I subscribe to an online computer file backup service. It is easy to use and does its work automatically with little assistance from me. This is how all backups should function—automatically and without human involvement.
However, there was a time that it warned me that it hadn’t backed up any files for more than 24 hours. I did what I could to do a manual backup, but without success. After an hour of futile effort, I decided that the problem was on the provider’s ends. Unfortunately, by that time their tech support call center had closed for the day. So, I used the email support option—and waited.
The next day, things were no different, so I called. Once I finally was able to talk to someone, he quickly informed me that the server handling my backups was “unavailable because of extended maintenance.” The maintenance was expected to be complete by mid-afternoon.
Why couldn’t they just be honest and tell me it’s “down and being worked on?”
I also wonder why they didn’t put that useful information on the call center recording that kept repeating every 20 seconds. Why did they instead say that tech support was “busy due to a high number of new subscribers?”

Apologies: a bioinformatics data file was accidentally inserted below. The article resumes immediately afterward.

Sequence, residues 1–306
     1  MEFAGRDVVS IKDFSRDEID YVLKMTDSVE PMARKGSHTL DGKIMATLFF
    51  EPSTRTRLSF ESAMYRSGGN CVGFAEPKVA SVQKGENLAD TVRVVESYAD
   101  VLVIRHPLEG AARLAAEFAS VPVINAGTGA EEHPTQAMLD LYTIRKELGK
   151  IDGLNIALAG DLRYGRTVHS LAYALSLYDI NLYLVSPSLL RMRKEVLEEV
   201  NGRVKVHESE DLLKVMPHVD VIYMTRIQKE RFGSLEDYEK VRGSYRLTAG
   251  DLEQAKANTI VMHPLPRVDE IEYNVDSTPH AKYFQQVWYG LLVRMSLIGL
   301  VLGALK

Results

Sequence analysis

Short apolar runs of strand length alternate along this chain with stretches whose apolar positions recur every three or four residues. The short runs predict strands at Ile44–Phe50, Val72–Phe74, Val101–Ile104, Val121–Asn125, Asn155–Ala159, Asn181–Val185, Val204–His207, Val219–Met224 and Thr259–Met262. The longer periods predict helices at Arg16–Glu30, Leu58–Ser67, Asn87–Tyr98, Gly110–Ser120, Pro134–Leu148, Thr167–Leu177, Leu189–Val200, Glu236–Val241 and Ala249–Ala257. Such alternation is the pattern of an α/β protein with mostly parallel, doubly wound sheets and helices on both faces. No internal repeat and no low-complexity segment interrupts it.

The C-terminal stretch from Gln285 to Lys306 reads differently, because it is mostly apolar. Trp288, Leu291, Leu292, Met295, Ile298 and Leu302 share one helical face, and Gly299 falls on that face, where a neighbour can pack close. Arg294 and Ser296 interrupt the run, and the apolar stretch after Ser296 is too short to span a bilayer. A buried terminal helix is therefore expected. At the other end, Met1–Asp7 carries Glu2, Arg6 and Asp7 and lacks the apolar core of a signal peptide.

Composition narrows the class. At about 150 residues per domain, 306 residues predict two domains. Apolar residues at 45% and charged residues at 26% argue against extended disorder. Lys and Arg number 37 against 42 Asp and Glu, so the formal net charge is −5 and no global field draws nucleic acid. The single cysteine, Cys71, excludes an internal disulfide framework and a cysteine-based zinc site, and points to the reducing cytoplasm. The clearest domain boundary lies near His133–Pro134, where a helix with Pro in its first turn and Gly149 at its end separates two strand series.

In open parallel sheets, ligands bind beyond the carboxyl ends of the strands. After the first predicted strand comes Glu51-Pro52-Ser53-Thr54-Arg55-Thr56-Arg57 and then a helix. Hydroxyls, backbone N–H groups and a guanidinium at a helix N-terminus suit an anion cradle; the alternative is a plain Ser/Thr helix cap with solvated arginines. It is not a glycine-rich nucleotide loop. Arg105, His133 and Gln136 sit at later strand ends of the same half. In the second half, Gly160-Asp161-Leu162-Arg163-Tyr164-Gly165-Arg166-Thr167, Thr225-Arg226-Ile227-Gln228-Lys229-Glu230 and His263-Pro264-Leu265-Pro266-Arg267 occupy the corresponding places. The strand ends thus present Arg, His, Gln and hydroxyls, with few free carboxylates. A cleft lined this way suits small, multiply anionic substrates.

Additionally, the application’s interface allows them to send me messages, so why didn’t they simply use it to notify me it was down? After all, they did use it to communicate the “busy due to a high number of new subscribers” message and suggest I use email.
The backup was again backing up my files—just as they promised. As for the “extended maintenance,” it took about 44 hours.
Peter Lyle DeHaan, PhD, shares his lifetime of business experience and personal insights with others through his books and blogs to encourage, inspire, and occasionally entertain.